Most of the group chooses to stay on the bus while a half-dozen or so get off to see the massive Marine Corps War Memorial, depicting the famous flag-raising on Iwo Jima. One who visits the memorial is Arthur Higgins, who shakes the hand of Marine Cpl. Ronald Picard, who has been standing with the Tennessee Honor Flight group. Asked about Picard’s sharp uniform, Higgins says, “We never had dress blues, they didn’t issue those in wartime. Most of the time we just wore sweaters, khakis and T-shirts.”
On the way to dinner at the Golden Corral, Andrew Cerza, 91, of Amherst, who is accompanied by his daughter, Colleen Tripi, admits that the day has been a challenge for him, but he perks up when he’s asked about his service. He tried to join the Marines when he was 16, he says, but “They told me, ‘Come down the day you turn 18.’ ” He did, and went on to serve in the Gilbert Islands, American Samoa and China.
The most impressive part of the trip, Cerza says, is “all the people saying thank you.”
Back at the airport security screening, Gino Nichele, 89, of Lewiston, with son Gino Nichele Jr., says, “I never liked lines. That’s how I wound up in the Marines. All my friends went down to enlist. I was in line and I was getting restless. A guy came up to me and said, ‘If you don’t want to wait in line to go into the Army, come with me!’ I wound up in the Marines. A week later I was on the train to boot camp.”
Gino Nichele Jr. listens and smiles. “I have heard some new stories today,” he says.
At the gate, it’s mail call. Every veteran gets a bundle of letters, some from schoolchildren, some from loved ones. Edward Friel, 86, of Clarence, who served on destroyer escorts in the Navy, says he got mail from his siblings and friends. Any from girls? “Of course!” he shoots back. “I was in the Navy!”
Tom Richards says he received “very little mail” in the Pacific. “Mother and Dad had no idea where I was. We weren’t allowed to write home much, and when we were, we couldn’t say much about what we were doing.”
On the plane, Bill Fuhrer, 89, of Erie, Pa., says he flew 32 missions as a waistgunner on a B-17, as well as three “chow missions” to supply besieged areas. “We loaded up the bomb bay with boxes of food and dropped it in Holland,” says Fuhrer. “We could see the people waving up to us. In Amsterdam, one box fell into a canal and a young fella dove right in to get it without hesitating. That food was life for them.”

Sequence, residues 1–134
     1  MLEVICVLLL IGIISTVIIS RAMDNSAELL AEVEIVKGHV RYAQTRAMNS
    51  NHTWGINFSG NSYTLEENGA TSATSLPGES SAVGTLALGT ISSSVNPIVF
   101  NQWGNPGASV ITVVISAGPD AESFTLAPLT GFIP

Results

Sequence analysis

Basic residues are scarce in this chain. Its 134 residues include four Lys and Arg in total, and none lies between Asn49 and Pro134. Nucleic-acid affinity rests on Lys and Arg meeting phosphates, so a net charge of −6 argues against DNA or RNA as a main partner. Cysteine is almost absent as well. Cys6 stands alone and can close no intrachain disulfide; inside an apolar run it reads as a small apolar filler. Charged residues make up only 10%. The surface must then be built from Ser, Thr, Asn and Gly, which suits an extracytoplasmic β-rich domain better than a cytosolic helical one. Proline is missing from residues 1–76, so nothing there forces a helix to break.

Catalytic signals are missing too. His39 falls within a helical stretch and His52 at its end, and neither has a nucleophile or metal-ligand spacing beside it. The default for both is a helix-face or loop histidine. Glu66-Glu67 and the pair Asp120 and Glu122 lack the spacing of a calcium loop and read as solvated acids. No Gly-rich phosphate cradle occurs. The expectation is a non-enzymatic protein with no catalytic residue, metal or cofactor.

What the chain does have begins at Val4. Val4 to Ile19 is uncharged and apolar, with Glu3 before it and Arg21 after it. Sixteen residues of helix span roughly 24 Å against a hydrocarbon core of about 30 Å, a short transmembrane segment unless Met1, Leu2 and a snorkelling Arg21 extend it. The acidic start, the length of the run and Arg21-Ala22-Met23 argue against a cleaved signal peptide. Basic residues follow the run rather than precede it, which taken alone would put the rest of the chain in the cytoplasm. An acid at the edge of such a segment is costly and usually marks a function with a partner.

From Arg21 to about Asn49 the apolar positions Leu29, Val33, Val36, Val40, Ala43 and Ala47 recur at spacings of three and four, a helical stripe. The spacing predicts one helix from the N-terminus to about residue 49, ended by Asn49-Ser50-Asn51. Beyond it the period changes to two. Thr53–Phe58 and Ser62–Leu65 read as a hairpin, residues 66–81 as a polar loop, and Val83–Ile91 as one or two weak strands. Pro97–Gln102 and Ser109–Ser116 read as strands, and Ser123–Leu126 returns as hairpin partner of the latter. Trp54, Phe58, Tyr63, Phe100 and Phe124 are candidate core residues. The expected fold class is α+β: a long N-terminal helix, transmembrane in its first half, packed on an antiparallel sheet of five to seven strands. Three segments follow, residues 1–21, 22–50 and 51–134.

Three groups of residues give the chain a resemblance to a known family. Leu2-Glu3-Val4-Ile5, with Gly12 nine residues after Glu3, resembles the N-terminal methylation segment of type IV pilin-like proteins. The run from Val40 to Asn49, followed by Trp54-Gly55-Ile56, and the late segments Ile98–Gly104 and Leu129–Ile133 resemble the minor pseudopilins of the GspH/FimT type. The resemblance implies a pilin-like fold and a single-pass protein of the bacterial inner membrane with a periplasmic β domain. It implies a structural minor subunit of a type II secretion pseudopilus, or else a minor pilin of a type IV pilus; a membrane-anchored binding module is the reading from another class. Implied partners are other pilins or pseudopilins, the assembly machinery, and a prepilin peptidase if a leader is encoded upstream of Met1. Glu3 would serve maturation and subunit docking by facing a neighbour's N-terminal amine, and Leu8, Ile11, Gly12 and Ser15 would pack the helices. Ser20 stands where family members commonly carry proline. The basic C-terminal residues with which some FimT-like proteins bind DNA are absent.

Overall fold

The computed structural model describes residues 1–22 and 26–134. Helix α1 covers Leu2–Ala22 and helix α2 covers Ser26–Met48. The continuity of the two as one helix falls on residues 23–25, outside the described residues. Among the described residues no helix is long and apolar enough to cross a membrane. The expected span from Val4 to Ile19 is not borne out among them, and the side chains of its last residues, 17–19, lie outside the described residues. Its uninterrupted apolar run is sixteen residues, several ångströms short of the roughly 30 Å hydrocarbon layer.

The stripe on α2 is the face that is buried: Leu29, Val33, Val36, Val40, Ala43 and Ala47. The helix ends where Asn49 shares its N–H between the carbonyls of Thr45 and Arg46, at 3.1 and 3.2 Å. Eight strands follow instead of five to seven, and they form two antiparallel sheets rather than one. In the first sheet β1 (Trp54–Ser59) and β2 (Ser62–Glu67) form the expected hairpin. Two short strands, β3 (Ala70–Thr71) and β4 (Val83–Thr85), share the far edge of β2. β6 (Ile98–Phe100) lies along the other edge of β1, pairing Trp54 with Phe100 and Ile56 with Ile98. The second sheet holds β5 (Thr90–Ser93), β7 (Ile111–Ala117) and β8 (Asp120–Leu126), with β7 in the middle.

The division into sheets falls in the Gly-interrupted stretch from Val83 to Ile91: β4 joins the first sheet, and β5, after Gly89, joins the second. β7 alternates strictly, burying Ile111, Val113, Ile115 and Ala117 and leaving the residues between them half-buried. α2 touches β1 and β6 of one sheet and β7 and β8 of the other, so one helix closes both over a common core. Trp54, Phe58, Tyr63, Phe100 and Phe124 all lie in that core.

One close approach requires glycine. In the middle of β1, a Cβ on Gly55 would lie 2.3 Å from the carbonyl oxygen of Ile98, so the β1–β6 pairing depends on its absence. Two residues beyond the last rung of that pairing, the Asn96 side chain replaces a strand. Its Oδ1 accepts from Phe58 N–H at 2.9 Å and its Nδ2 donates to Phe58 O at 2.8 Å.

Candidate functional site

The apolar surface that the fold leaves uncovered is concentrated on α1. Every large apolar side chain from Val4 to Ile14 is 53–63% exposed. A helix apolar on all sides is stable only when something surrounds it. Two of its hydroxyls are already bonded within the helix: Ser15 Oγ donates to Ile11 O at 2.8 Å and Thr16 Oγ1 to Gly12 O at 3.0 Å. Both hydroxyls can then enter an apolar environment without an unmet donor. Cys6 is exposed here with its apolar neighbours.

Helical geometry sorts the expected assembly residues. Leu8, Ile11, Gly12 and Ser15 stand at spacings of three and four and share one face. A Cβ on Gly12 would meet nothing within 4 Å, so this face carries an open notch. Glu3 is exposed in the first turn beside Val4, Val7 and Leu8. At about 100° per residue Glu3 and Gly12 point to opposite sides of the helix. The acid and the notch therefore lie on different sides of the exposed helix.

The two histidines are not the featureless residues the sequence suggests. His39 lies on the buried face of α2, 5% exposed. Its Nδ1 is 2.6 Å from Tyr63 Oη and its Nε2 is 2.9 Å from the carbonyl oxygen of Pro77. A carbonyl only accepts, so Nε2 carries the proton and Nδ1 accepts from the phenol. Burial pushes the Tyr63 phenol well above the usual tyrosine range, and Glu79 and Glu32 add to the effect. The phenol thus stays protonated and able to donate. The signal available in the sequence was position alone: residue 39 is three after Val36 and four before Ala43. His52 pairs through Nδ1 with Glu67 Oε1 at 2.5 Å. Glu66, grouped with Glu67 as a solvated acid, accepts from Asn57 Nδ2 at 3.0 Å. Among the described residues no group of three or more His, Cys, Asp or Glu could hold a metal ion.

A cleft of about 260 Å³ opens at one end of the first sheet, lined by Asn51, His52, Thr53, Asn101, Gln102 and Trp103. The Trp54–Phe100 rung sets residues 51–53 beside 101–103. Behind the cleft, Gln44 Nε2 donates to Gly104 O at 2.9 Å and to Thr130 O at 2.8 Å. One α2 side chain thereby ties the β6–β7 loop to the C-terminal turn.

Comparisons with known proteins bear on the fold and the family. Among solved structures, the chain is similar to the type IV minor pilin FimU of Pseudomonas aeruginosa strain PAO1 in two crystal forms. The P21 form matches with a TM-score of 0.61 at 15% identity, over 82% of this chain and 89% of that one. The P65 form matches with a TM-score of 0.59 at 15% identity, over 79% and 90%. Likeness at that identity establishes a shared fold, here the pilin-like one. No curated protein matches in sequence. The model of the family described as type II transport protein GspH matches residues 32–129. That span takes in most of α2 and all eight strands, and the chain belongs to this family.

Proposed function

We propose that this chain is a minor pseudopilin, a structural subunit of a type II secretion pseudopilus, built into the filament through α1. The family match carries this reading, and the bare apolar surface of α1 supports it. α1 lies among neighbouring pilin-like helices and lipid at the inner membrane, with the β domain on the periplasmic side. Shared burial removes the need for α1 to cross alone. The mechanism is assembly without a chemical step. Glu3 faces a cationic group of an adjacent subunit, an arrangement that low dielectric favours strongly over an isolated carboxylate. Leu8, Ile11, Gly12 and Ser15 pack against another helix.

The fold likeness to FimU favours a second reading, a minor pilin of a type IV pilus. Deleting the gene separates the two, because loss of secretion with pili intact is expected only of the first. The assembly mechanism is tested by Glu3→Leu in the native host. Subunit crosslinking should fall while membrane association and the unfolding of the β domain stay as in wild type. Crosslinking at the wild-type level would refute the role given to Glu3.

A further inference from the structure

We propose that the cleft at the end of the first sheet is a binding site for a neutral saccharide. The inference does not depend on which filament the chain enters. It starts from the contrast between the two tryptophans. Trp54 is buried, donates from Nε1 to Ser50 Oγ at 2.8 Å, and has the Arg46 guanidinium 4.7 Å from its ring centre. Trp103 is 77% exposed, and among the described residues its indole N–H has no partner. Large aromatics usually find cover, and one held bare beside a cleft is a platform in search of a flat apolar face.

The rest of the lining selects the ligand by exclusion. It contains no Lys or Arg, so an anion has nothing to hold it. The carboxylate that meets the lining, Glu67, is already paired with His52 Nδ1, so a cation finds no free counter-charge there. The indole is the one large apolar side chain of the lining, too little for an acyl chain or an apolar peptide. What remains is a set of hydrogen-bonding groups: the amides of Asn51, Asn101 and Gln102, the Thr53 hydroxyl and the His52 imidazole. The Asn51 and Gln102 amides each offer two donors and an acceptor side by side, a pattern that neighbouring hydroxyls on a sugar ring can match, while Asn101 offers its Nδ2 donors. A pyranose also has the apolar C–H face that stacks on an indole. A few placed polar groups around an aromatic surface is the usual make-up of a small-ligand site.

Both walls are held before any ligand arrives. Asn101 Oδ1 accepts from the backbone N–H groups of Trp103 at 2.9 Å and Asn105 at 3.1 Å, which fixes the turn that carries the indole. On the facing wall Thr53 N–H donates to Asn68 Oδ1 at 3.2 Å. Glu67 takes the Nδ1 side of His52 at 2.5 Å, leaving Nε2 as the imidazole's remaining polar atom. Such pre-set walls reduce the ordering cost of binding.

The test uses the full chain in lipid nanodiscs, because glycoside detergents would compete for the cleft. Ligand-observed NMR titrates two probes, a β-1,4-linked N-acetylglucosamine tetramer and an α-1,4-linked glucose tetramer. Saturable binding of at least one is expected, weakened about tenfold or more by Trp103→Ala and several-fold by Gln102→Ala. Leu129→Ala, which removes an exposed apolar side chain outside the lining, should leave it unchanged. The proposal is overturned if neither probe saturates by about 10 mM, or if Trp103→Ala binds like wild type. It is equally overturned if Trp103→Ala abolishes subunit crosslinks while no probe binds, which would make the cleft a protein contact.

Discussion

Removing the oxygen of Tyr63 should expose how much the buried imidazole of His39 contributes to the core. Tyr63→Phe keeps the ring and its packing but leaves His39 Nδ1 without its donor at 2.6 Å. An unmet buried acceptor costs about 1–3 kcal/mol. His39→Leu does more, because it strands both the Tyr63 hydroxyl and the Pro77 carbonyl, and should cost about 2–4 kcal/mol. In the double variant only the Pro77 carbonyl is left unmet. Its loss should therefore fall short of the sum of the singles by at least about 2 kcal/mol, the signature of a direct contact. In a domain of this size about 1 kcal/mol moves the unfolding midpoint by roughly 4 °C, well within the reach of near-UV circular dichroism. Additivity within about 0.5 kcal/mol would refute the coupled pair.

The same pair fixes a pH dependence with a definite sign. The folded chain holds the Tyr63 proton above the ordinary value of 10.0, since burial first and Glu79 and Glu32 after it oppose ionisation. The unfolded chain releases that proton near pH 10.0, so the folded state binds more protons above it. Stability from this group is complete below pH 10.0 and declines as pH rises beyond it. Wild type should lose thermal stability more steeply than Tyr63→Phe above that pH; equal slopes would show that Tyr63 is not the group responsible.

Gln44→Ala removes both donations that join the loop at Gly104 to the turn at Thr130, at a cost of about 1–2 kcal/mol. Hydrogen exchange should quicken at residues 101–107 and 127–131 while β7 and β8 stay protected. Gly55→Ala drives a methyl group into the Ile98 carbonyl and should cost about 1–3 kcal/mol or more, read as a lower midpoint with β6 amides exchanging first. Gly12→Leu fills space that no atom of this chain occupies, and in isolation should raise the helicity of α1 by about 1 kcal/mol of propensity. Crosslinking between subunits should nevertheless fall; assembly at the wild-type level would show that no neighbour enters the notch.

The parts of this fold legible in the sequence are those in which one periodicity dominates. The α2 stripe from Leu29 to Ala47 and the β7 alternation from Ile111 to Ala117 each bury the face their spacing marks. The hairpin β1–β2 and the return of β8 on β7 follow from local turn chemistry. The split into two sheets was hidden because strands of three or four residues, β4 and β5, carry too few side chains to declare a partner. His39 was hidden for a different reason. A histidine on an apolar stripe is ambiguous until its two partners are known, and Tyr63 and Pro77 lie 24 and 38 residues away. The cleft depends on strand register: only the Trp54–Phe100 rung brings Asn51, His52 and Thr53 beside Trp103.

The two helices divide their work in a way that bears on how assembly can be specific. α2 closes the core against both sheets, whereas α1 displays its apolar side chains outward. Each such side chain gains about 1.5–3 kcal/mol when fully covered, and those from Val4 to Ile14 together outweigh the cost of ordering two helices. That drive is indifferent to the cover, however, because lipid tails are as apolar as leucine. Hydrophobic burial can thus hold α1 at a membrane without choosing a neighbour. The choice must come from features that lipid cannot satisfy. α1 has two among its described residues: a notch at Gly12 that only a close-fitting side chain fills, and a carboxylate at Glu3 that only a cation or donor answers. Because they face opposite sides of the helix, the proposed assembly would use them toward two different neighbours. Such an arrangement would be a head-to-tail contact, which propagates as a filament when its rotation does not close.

The memorial visit, Fuhrer says, was “beautiful. You couldn’t ask for anything more.” But there’s more coming, and the men can’t imagine it.
The flight in Buffalo is greeted by a lineup of Airport Fire Department apparatus spraying a festive stream of water. Once in the terminal, the veterans make their way toward the doors, where they expect to meet their families.
Hundreds of people have filled the area, holding signs, posters, flags and balloons. As they see the first Honor Flight vets, the crowd bursts into applause, and the veterans stop in astonishment. Each man’s arrival renews the roar. In his wheelchair pushed by daughter Heidi Salva, Joseph Feraldi, 90, of Chaffee, lights up.
More than 40 uniformed cadets from the Western New York Maritime Charter School salute; Patriot Guard Riders, holding flags, do the same.
The men are nearly overwhelmed. “I couldn’t get over that welcome,” says Michael Gluc, 90, of West Seneca, an Army veteran who was escorted by his daughter, Patricia Brice. “When we turned the corner and I saw the people standing there, oh my gosh. It kept getting bigger and bigger.”
Army veteran Arthur Hann, 90, of Boston is surrounded by nearly 20 people from the Boston Fire Company who have turned out to welcome their fellow member home.
“I thought a few members of my family would be there to meet me, but this was overwhelming,” says Albert Knab, who is greeted by a dozen family members. “It’s something I will never forget.”
“I lost it,” says Walter Scott. “I choked up in Baltimore, when we were saluted by the midshipmen, because I was Navy and I know what a salute means, a sign of respect and admiration. But I couldn’t hold it back in Buffalo. I kind of looked around to see if I were the only one, and I didn’t see a dry eye in the bunch.”
The Wylie sisters gather the group for one last talk, and then the old soldiers, sailors and Marines separate.
“It’s wonderful what they are doing, their compassion and interest,” says Albin Mazur, 88, of Tonawanda, an Army veteran. “I really appreciated going on a trip like that. I wish we could direct some of that attention to the troops who are serving right now.”
Mazur’s guardian, his niece, Margaret “Marge” Witkowski, says, “When I was on that trip, several times I wanted to go to the back of the bus and have a good cry, because of everybody who stopped and said, ‘Thank you for your service.’ ”
At the airport, she says, “I knew some family members were coming, and as we were walking there were more and more and more, and then those kids from the Maritime Academy – I can’t even talk to you now about it without tearing up. It was really something to see, and now I have put my application in to be a volunteer. I have to keep doing this. It was so gratifying.”